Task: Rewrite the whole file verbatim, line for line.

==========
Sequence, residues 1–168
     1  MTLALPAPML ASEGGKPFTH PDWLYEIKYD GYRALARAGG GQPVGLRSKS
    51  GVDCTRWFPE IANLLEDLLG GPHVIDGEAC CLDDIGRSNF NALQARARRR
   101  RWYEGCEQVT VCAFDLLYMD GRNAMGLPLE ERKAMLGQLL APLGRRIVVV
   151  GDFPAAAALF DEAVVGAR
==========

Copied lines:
Sequence, residues 1–168
     1  MTLALPAPML ASEGGKPFTH PDWLYEIKYD GYRALARAGG GQPVGLRSKS
    51  GVDCTRWFPE IANLLEDLLG GPHVIDGEAC CLDDIGRSNF NALQARARRR
   101  RWYEGCEQVT VCAFDLLYMD GRNAMGLPLE ERKAMLGQLL APLGRRIVVV
   151  GDFPAAAALF DEAVVGAR